Arizona activists work to hold the criminal justice system accountable through court watching

In a small hearing room in the State Courts Building, a few
individuals in black shirts sat in the three rows of chairs in the back.
For the six hearings in April Sponsel’s disciplinary trial, these court
watchers with Mass Liberation Arizona attended with notepads and pens, observing and taking notes.

Sponsel, a former prosecutor with the Maricopa County Attorney’s
Office, is facing a two-year suspension of her law license for her
involvement in charging Black Lives Matter protesters as gang members in
2020, according to ABC15.
Mass Lib has been following the case since the protesters were charged,
and Matt Aguilar, a lead organizer for the group, said it’s important
for members to follow it to the end.

“It’s important that we’re able to bear witness so we can also
maintain the narrative that there is an issue with the (Maricopa County
Attorney’s) Office, a systematic issue with the office,” Aguilar said.

Mass Lib is dedicated to the end of mass incarceration and the
liberation of marginalized communities. The group’s work focuses on
prosecutorial misconduct, police brutality and alternatives to

One way Mass Lib brings awareness to these issues is through court
watching, a practice where volunteers observe hearings in order to
support defendants, hold judges and attorneys accountable and educate
the public on what’s happening in courtrooms, according to Aguilar.

“These things happen behind closed doors, and there’s a whole
different language that is spoken in those rooms,” Aguilar said. “So
having folks, especially folks that have been impacted by those systems,
be able to be in those rooms brings that education out to the people.”

W. Jesse Weins, a professor at Arizona State University’s School of
Criminology and Criminal Justice, said court watching is an old practice
that has been around since before the United States criminal justice
system existed. He said most lawyers have experienced court watchers at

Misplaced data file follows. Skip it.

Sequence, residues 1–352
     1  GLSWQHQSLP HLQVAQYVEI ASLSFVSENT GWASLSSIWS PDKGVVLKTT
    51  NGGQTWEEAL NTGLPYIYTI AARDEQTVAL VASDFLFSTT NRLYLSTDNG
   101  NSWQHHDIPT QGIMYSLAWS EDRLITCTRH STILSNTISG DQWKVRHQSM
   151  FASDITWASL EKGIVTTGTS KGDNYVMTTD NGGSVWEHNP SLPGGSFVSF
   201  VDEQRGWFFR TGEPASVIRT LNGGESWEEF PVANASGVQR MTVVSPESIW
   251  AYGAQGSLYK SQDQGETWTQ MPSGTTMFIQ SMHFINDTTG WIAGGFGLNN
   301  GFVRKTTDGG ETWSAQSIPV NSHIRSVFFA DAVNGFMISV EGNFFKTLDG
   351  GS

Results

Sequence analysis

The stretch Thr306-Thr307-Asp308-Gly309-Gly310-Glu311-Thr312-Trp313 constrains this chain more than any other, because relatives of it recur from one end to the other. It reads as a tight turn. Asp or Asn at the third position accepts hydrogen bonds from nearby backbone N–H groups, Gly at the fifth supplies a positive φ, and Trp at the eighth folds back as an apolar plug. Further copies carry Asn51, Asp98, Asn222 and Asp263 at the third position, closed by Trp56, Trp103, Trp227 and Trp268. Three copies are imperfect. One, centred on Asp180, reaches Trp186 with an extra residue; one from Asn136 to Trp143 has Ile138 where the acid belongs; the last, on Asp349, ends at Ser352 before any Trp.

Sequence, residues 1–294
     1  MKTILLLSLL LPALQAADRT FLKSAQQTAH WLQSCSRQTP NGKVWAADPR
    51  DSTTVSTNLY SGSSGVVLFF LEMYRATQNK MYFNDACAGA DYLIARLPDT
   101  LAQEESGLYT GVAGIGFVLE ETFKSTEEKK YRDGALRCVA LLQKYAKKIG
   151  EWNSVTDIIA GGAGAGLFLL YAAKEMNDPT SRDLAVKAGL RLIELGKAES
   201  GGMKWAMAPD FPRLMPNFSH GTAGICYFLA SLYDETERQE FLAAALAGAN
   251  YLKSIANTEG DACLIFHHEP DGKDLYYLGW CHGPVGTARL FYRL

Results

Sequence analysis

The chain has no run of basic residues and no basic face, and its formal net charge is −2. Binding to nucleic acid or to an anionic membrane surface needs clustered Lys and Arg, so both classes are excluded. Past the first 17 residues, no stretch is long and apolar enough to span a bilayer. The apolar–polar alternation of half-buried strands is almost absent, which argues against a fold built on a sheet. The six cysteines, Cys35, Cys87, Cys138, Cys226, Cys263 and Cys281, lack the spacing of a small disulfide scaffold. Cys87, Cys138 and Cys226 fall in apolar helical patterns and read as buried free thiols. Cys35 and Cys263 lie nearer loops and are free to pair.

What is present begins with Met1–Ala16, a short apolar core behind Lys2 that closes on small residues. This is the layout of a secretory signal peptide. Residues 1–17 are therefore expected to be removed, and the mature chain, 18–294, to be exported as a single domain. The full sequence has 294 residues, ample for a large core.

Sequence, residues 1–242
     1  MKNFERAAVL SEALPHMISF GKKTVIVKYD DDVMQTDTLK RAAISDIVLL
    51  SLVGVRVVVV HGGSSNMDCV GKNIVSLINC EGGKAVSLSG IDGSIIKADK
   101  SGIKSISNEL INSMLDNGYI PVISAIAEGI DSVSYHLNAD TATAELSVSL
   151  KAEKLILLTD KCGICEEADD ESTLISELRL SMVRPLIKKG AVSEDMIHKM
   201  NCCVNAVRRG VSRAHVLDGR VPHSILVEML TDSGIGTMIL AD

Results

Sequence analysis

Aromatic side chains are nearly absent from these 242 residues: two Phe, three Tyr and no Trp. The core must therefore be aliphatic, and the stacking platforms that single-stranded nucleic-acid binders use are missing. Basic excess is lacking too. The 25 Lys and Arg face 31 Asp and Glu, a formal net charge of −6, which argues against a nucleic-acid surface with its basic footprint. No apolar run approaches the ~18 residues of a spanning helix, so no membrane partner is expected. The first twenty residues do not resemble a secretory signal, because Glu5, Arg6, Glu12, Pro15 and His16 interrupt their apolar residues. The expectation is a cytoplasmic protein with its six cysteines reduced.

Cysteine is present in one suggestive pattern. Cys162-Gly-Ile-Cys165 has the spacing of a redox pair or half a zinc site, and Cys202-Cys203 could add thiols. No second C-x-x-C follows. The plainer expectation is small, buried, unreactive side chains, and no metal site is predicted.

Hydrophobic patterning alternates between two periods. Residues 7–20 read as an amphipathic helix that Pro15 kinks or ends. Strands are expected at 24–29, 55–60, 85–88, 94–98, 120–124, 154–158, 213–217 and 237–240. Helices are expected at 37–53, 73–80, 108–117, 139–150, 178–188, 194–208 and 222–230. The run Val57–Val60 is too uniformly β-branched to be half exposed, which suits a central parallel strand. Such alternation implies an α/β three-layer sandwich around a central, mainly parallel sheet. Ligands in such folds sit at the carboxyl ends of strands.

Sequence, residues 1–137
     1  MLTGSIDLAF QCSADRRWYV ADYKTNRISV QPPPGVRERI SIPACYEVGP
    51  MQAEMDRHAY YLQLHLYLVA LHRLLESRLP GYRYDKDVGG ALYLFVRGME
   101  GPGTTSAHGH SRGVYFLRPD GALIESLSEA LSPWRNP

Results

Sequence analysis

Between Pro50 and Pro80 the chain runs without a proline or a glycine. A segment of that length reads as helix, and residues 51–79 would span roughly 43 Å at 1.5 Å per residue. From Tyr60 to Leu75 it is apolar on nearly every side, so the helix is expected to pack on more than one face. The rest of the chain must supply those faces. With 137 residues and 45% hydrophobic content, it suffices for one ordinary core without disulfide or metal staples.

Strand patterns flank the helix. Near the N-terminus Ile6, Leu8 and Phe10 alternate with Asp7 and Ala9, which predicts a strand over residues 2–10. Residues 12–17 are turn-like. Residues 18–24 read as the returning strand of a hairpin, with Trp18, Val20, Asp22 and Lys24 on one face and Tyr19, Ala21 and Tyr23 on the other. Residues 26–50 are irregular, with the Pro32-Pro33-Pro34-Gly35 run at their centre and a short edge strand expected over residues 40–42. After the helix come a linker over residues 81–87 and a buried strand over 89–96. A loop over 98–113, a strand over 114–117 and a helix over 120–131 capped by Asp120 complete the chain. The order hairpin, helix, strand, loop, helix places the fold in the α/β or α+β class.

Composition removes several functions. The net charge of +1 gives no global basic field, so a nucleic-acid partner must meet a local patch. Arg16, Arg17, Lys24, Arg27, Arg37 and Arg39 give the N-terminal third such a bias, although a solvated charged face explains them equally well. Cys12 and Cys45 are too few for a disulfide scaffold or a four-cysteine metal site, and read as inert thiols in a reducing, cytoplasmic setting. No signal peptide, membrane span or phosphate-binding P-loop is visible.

hearings and will welcome them – but privately have concerns about the

“​​On a more personal level, none of us like people whose purpose to
be there is to look over your shoulder about things and try to catch you
and see if you’re doing things wrong,” Weins said. “Nobody would want
that in their career, so privately, attorneys might say it’s a bit of a

However, Weins said that most attorneys accept the practice as an
important part of American civil society. Aguilar said that Mass Lib
often court-watches to provide support to defendants, not just to put
judges and attorneys on guard.

“When folks are facing these systems, they’re often by themselves and
they’re often left without any clue of what to do,” Aguilar said.

Ruia Gautam, the communications director for Mass Lib and a frequent
court watcher, said one of the reasons she enjoys court watching is
being able to offer solidarity to defendants who don’t have anyone in
their corner. She said during her first court-watching experience, she
could tell the defendant was grateful for the presence of court

“I didn’t know this person at all, to be honest, but the eye contact
he would make when he turned around and saw all of us packed in there, I
just know how much it meant,” Gautam said.

Gautam attended some of the Sponsel hearings in person and virtually
and said it was important to see some of the key players of the case
against the Black Lives Matter protesters in the flesh.

“We’re very removed from people like prosecutors and cops when they
do this stuff,” Gautam said. “This was my first time seeing April
Sponsel in person, ever. It’s very hard to see them in person. So it was
important to face her and hold her accountable that way.”

Sponsel’s attorney declined to comment on the court watchers or the trial.

In addition to hearings like Sponsel’s, Aguilar said the group
attends criminal court, eviction court, and death penalty and clemency
board hearings. His goal is to create a voter guide for judges on the
ballot in 2024 to help voters decide whether to retain them.

In Arizona, judges on the Supreme Court and Court of Appeals are
appointed by the governor, but must go through retention elections every
six years to determine if they stay on the bench. In larger counties,
superior court judges face a similar process.

“You’ll have all these judges that are up for retention that you
often know nothing about,” Aguilar said. “You literally just have to say
yes or no.”

In the meantime, Aguilar and Gautam encourage anyone who might be
interested in court watching to reach out to Mass Lib and get involved.
The group hosts training to help volunteers know what to look out for
and how to stand in solidarity with defendants.

“It’s one of the easiest ways that we can disrupt the dehumanization
of people who are facing the so-called criminal justice system,” Gautam